Before closing, may I express my thanks to the chairman and members of this committee for giving me this patient hearing. This concludes my formal statement. I would like to submit for the record a brief statement with regard to the practice of dealing in unlisted securities on exchanges-with particular reference to the document submitted by the New York Curb Exchange on this same matter, and I would be happy to answer any questions which any member of the committee may wish to ask.


Allen & Co., Charles Allen, Jr., New York, N.Y.; Bristol & Willett, Meyer Willett, 115 Broadway, New York, N.Y.; Frank Charcot, Jr., 25 Broad Street, New York, N.Y.; Clokey & Miller, Gerald Clokey, 50 Broadway, New York, N.Y.; T. Ć. Corwin & Co., T. C. Corwin, 25 Broad Street, New York, N.Y.; Doty, Fay & Co., A. C. Doty, 15 William Street, New York, N.Y.; Dillon, Throckmorton & Shantz, Howard D. Shantz, 115 Broadway, New York, N.Y.

Chas. E. Doyle & Co., Frank Y. Cannon, 20 Pine Street, New York, N.Y.; Joseph Egbert, 2 Rector Street, New York, N.Y.; Elliot & Wolfe, George A. Elliot, 115 Broadway, New York, N.Y.; Englander, Birnbaum & Co., Gustave L. Birnbaum, 30 Broad Street, New York, N.Y.; Clinton Gilbert & Co., Clinton Gilbert, 120 Broadway, New York, NY.; Greene & Co., Irving A. Greene, 37 Wall Street, New York, N.Y.; Greene & Perkins, Herbert L. Perkins, 39 Broadway, New York, N.Y.; George W. Hall & Co., George W. Hall, 61 Broadway, New York, N.Y.; Hanson & Hanson, A. R. Hanson, 25 Broadway, New York, N.Y.

Dunne & Co., Frank Dunne, 40 Wall Street, New York, N.Y.; Fred H. Hatch & Co., Inc., Arthur C. Madeau, 63 Wall Street, New York, N.Y.; Hewitt, Ladin & Co., J. F. Hewitt, 74 Trinity Place, New York, N.Y.; Hoit, Rose & Troster, James Currie, Jr., 74 Trinity Place, New York, N.Y.; C. E. Judson & Co., Chas. E. Judson, 19 Rector Street, New York, N.Y.; Katz Brothers, Moe I. Katz, 37 Wall Street, New York, N.Y.; Kearns & Williams, Chas. M. Kearns, 11 Broadway, New York, N.Y.

Hardy & Co., Lee Roth, 11 Broadway, New York, N. Y.; Lawson & Co., S. W. Lawson, 111 Broadway, New York, N.Y.; W. Wallace Lyon & Co., L. B. O'Meara, 40 Wall Street, New York, N.Y.; Morgan, Trow & Co., Ralph C. Morgan, 120 Broadway, New York, N.Y.; Munds, Winslow & Potter, Frank S. Thomas, 40 Wall Street, New York, N.Y.; William Morris & Co., William Morris, 44 Pine Street, New York, N.Y.; George Nelson & Co., George Nelson, 74 Trinity Place, New York, N.Y.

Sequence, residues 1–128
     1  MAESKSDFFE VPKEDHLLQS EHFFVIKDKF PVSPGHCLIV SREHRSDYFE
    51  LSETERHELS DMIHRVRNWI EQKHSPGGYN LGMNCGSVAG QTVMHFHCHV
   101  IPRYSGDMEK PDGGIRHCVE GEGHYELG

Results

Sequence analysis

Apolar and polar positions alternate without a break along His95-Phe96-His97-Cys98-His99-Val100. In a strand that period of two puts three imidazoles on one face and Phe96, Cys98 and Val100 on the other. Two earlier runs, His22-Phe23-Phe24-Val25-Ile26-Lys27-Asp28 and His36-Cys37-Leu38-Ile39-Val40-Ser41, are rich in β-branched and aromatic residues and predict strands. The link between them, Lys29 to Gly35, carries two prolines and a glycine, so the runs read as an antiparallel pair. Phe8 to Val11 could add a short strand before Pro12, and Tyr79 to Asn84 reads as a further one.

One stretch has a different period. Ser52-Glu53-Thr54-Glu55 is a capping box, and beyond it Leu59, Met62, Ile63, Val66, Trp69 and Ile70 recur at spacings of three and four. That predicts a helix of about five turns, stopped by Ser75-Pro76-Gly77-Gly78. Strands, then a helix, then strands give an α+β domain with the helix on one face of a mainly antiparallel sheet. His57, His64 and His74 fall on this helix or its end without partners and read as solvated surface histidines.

H. D. Knox & Co., Herbert M. May, 11 Broadway, New York, N. Y.; Lasser Bros., Maurice Lasser, 70 Pine Street, New York, N. Y.; R. G. Notine & Co., Robert G. Notine, 74 Trinity place, New York, N.Y., John J. O'Kane, Jr. & Co., John J. O'Kane, Jr., 4ž Broadway, New York, N.Y.,

Outwater & Wells, H. Prescott Wells, 15 Exchange Place, Jersey City, N.J.; J. Roy Prosser & Co., J. Roy Prosser, 52 William Street, New York, N.Y.; F. L. Rabe & Co., F. J. Rabe, 120 Broadway, New York, N.Y.

Mark Noble & Co., Mark A. Noble, 30 Broad Street, New York, N.Y.; L. A. Norton & Co., Harry D. McMillan, 35 Nassau Street, New York, N. Y.; Simons, Blauner & Co., Isidore B. Kraut, 25 Broadway, New York, N.Y.; Sirota, Rosen & Co., Nathan Rosen, 42 Broadway, New York, N.Y.; Carroll M. Swezey, 42 Broadway, New York, N.Y.; Hart Smith & Co., H. Hart Smith, 52 William Street, New York, N. Y.; Spielmann, Shea & Co., Henry Spielmann, 111 Broadway, New York, N.Y.

J. K. Rice, Jr., & Co., Richard C. Rice, 120 Broadway, New York, N.Y.; B. H. Roth & Co., B. H. Roth, 25 Broad Street, New York, N.Y.; Wm. J. Ryan & Co., William J. Ryan, 44 Wall Street, New York, N.Y.; Leo G. Siesfeld & Co., Leo G. Siesfeld, 25 Beaver Street, New York, N.Y.; W. C. Simmons & Co., W. C. Simmons, Room 1810, 40 Exchange Place, New York, N.Y.

P. J. Steindler & Co., Percival J. Steindler, 11 Broadway, New York, N.Y.; Tweedy & Co., F. B. Tweedy, 15 William Street, New York, N.Y.; G. M. P. Murphy & Co., Prescott Erskine Wood, 52 Broadway, New York, N.Y.; National